When I write about strong AI or AGI, I mean an algorithm with general problem solving skills. Not necessarily a mind inhabiting a robot, running around talking to people and passing the Turing test (though eventually a successful AGI could be taken in that direction), but rather something that can be applied to a wide variety of problems. For example: playing chess and poker, picking stocks, solving puzzles, proving math theorems, analyzing and writing computer code, speech and image recognition, improve itself by learning and self modification, etc.

There is an alluring approach to AGI, where you begin with a “simple” seed program, which will learn and self improve and eventually evolve to human intelligence and beyond. I think that in practice, the problem is that it has taken lots of people lots of time to invent all those algorithms that can be useful in general problem solving. Humans are pretty good at general problem solving - certainly much better than the best software/hardware combination we have today. Constructing algorithms to solve specific problems is in itself a kind of problem solving, and we humans have certainly invented many different algorithms for a wide variety of purposes. One might suspect that the computational depth of inventing/discovering algorithms is very large. So unless the seed program is actually very advanced, more like a full grown Sequoia than a seed, it might take too much time for it to invent all those algorithms and heuristics that we, as a civilization, already have.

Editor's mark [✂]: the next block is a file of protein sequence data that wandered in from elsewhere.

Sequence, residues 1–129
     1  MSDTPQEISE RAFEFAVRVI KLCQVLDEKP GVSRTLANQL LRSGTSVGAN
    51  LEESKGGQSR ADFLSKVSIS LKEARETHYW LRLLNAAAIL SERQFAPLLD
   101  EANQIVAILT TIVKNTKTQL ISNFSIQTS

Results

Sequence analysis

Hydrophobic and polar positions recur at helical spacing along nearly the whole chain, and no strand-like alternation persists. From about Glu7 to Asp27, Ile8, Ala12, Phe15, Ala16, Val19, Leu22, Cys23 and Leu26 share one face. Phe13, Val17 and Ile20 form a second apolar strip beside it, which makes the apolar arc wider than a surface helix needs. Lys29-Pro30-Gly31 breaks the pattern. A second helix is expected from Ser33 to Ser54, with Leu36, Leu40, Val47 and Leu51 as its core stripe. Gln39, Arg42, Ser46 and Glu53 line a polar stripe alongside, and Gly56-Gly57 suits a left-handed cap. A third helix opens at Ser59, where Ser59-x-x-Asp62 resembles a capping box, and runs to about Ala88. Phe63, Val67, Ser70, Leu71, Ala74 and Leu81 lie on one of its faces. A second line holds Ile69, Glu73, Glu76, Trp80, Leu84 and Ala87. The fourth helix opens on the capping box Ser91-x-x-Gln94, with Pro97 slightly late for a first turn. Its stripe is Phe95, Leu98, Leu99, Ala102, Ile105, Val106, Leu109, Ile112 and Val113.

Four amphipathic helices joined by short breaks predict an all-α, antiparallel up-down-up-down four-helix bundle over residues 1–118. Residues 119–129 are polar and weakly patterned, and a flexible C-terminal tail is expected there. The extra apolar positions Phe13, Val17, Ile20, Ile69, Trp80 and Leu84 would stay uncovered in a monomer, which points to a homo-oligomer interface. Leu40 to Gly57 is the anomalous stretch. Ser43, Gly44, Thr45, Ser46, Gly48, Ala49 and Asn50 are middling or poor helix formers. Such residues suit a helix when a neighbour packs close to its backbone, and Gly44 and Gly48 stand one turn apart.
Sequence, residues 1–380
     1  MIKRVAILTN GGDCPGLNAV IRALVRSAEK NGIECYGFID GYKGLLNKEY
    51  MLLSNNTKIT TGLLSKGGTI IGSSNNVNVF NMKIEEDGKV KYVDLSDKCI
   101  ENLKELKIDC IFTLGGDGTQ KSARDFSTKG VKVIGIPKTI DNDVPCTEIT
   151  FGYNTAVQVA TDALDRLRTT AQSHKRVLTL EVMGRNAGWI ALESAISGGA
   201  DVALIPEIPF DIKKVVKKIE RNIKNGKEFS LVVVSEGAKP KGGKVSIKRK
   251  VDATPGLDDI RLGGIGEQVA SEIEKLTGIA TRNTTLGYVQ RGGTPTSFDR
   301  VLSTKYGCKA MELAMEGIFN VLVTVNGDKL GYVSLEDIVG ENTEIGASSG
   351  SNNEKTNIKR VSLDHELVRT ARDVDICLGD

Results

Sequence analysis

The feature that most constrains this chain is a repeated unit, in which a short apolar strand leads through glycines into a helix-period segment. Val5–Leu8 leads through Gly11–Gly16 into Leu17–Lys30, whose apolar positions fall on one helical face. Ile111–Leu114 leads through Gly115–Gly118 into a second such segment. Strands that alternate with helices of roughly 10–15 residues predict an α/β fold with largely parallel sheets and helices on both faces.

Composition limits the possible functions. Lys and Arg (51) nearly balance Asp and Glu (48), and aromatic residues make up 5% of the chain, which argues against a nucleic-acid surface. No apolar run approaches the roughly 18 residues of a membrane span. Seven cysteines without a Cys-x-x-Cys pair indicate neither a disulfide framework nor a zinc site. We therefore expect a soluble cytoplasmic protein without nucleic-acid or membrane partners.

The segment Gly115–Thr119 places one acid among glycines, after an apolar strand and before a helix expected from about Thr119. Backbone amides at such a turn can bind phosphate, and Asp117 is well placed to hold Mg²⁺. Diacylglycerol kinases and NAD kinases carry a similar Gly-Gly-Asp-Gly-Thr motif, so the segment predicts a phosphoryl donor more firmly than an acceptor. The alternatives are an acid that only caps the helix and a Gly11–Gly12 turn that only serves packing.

Topics that are potentially useful to understand include:

  • Statistics (Bayes rule, distributions, Markov chains, running an experiment, etc).